CMS releases nat’l health expenditures for 2015

Tuesday, December 6, 2016

WASHINGTON – Per-capita healthcare spending grew by 5% and overall healthcare spending grew by 5.8% in 2015, according to a recent study by the Office of the Actuary at CMS.

Those rates continue to be below the rates of most years prior to the passage of the Affordable Care Act.

“Even as millions of people gained coverage, per-enrollee spending growth in private health insurance and Medicare continue to be well below the average in the decade before passage of the Affordable Care Act,” CMS stated.

The report concludes that expenditure growth in 2015 was primarily the result of increased use and intensity of services as millions gained health coverage, as well as continued significant growth in spending for retail prescription drugs.

On a per-enrollee basis, overall spending increased by 4.5% for private health insurance, 1.7% for Medicare and 3.8% for Medicaid.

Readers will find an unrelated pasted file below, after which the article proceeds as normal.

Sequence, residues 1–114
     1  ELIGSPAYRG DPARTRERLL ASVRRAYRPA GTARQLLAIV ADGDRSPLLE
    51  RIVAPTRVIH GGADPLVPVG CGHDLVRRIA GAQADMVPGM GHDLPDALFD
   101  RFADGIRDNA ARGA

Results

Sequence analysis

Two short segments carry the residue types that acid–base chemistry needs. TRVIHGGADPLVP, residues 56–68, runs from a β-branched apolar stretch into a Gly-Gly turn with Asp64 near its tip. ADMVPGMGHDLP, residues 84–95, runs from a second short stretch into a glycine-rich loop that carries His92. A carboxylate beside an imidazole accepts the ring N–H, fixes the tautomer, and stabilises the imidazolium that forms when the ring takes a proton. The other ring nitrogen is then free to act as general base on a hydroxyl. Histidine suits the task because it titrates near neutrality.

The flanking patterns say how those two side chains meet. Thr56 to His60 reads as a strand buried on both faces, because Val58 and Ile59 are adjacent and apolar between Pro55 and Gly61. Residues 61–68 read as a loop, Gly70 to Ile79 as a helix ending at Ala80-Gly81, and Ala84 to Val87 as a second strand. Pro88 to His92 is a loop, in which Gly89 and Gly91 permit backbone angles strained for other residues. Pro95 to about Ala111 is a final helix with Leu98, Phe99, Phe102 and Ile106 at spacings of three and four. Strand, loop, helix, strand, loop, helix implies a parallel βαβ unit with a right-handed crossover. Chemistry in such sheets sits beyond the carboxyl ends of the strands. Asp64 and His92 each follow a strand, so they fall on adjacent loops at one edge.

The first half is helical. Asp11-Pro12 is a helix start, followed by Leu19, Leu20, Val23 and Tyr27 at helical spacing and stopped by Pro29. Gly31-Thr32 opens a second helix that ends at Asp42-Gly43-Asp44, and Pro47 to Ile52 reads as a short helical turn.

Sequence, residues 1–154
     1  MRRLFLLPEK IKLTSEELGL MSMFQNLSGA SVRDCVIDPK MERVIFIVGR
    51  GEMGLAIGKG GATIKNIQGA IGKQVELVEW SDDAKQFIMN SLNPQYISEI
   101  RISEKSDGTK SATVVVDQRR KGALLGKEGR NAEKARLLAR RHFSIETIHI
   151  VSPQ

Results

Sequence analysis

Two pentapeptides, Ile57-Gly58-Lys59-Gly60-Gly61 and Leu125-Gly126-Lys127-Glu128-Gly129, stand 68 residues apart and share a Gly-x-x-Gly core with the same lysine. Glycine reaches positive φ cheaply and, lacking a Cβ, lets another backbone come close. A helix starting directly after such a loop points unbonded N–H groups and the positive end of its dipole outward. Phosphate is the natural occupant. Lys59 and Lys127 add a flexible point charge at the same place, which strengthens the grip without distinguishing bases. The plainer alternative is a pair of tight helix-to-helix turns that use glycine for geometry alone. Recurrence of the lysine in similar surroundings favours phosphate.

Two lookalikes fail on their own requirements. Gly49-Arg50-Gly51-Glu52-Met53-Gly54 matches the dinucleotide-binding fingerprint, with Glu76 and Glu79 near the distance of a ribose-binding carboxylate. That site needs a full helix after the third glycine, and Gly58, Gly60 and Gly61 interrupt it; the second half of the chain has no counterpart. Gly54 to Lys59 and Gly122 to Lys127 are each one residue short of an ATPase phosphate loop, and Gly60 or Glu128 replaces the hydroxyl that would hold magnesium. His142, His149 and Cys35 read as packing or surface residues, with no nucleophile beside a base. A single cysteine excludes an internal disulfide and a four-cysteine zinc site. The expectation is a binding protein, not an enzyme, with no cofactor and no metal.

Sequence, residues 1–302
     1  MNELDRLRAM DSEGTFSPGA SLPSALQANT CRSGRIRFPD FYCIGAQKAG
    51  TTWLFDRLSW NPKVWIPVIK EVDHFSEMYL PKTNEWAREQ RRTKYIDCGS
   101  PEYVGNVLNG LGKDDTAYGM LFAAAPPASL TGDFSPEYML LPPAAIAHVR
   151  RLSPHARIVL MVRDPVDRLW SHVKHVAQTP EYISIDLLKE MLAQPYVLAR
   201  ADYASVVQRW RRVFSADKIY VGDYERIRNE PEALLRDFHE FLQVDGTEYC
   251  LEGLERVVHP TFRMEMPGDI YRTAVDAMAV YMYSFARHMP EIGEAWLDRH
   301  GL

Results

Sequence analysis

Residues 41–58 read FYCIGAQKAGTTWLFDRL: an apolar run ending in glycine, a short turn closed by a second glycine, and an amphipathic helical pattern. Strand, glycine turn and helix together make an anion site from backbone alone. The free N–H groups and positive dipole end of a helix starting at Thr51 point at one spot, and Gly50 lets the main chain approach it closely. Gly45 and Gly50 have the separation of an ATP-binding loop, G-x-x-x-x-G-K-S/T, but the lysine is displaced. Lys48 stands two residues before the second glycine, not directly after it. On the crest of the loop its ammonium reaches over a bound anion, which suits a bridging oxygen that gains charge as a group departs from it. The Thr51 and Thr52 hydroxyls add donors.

Healthcare spending grew 2.1% faster than the overall economy in 2015, resulting in a 0.4% increase in the health spending share of gross domestic product, from 17.4% in 2014 to 17.8% in 2015. In the decade prior to the passage of the ACA (2000-09), healthcare spending increased 2.8% faster than GDP on an annual average basis.

Per-enrollee Medicare spending increased by 1.7%, about the same rate as in 2014 and below the average annual growth in per-enrollee spending during 2000-09 of 7%. Medicare spending, which represented 20% of national total healthcare spending in 2015, grew 4.5% to $646.2 billion.

Overall Medicaid spending and enrollment grew at a slower rate in 2015 than in 2014 with per-enrollee spending increasing 3.8%. Medicaid spending, which totaled $545.1 billion, accounted for 17% of total spending on health care. Similarly, growth in Medicaid enrollment slowed to 5.7% in 2015, significantly lower than the 2014 increase of 11.1%.

Out-of-pocket spending, which includes direct consumer payments such as copayments, deductibles and spending not covered by insurance, but excludes premiums, grew 2.6% in 2015, compared to the average annual growth during 2000-09 of 4.6%.


This is quite a funny number. The figure that is missing in the equation is the products people are required to pay cash for like rollaters and other ancillary items, nobody in my area taking assignment anymore. To make a long story short the elderly are doing without when they can't afford it. The only people left making money in this industry are the MCO's as all they have to do is deny deny deny!